Our grassroots campaigning working group met recently. In addition to discussing our new campaign on a supportive environment – a compassionate and practical alternative to immigration detention, we also discussed the so-called ‘Illegal Migration Bill’, we agreed that we should produce our own brief statement on this Refugee Ban Bill building on existing briefings from others but with a Detention Forum focus. Here is our brief statement. We hope it will inspire more people to get involved opposing this Bill.
A ban on asylum
The Bill effectively puts a ban on the right to claim asylum in the UK. It goes even further than the Nationality & Borders Act. With this Bill any person who does not travel directly from the country they are fleeing would have their asylum claim dismissed, and their immediate deportation would be sought. So, people arriving by what the government calls ‘illegal’ means (eg: small boats) will be denied the right to seek asylum, even though there are precious few safe routes. People whose claims are dismissed in this way would never have their asylum claims heard in the UK, be granted any form of leave to remain or become British citizens. This would also apply to their children and family members. This change will completely undermine the UN Refugee Convention in the UK. The UNHCR says that this measure will ‘extinguish the right to asylum in the UK.’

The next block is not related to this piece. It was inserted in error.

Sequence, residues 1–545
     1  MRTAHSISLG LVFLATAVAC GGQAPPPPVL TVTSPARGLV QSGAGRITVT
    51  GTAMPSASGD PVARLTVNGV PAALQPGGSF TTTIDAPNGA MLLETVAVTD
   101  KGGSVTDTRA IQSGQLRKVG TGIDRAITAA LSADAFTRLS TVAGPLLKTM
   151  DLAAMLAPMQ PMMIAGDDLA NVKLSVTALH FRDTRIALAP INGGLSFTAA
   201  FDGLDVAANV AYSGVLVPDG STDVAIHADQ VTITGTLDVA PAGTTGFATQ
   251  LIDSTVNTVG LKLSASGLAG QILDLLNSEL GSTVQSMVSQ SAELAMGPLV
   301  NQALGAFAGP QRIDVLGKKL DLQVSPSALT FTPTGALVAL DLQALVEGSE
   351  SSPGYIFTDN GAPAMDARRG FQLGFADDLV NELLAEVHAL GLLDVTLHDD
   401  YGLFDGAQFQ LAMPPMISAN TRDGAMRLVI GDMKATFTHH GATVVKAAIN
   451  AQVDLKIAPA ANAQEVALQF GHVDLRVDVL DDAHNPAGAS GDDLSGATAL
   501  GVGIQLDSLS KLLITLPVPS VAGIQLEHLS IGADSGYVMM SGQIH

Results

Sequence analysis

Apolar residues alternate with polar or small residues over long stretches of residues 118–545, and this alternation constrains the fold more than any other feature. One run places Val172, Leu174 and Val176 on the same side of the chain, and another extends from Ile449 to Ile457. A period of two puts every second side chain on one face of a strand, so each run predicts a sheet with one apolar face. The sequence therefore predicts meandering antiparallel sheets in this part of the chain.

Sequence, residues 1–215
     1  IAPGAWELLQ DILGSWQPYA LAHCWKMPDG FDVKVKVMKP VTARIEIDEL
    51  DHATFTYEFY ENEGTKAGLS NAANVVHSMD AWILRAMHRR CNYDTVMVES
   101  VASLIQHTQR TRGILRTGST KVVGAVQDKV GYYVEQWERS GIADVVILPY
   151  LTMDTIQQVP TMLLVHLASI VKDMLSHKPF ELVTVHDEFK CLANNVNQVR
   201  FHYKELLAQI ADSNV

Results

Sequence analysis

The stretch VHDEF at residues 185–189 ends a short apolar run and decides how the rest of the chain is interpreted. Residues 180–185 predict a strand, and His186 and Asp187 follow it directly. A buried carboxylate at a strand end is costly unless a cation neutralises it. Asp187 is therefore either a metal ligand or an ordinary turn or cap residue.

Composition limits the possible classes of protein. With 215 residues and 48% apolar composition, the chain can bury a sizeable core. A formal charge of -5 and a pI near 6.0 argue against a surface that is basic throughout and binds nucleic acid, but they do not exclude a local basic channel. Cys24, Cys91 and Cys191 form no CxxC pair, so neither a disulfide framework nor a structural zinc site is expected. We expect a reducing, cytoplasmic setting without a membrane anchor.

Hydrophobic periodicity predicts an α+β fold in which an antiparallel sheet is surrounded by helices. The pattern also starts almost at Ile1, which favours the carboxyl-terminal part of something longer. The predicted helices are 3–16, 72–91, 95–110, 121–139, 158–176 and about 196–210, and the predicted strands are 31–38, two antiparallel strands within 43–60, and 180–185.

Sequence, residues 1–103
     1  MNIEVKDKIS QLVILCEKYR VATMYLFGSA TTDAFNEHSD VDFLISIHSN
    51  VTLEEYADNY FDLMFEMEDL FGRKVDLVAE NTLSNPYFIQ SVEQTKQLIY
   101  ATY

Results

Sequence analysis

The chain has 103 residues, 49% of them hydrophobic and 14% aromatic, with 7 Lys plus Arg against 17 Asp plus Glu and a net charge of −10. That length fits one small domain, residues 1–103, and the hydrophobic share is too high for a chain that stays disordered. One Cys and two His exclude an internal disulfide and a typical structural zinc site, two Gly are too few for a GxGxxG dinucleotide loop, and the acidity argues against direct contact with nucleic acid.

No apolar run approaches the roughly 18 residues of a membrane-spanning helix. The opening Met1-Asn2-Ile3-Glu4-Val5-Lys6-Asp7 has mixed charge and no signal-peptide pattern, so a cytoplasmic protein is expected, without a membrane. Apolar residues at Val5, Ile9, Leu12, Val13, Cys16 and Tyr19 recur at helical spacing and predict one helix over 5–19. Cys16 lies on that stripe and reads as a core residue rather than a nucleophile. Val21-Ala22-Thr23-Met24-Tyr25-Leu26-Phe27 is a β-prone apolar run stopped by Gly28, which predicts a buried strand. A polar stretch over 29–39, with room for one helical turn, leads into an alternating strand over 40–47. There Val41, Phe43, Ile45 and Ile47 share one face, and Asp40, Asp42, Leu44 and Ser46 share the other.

A vast expansion of immigration detention
The Bill will vastly expand detention centres in the UK, and dramatically increase the number of people being detained indefinitely. It creates sweeping new powers for the Secretary of State to place people in immigration detention, removes judicial scrutiny of government decision-making and strips away essential safeguards for vulnerable groups, including survivors of slavery and trafficking, pregnant people and children. We know the harm that detention causes people; this change will bring huge harm to many people; for more information, check out this Red Cross report.
People will be detained for as long as the Home Secretary believes is necessary to remove that person. This change will stop courts from protecting the rights of people in detention, which will cause standards of decision making to fall further and make it harder for people to challenge these decisions. Previously people could only be detained, if there was a reasonable prospect of them being removed imminently. This change will lead to continued and longer indefinite detention.
No access to release via bail
The Bill will make it almost impossible to apply for release via immigration bail or judicial review during the first 28 days of detention. Judicial review provides a vital tool to people in immigration detention, allowing the Court to assess whether detention is compliant with the Adults at Risk policy, which stops vulnerable people being detained. Together with restriction of the right to apply for bail, this vital safeguard to protect people is now being removed.
This Bill must be opposed – we know that there is a better way. See our plans for a supportive environment: a compassionate and practical alternative to detention.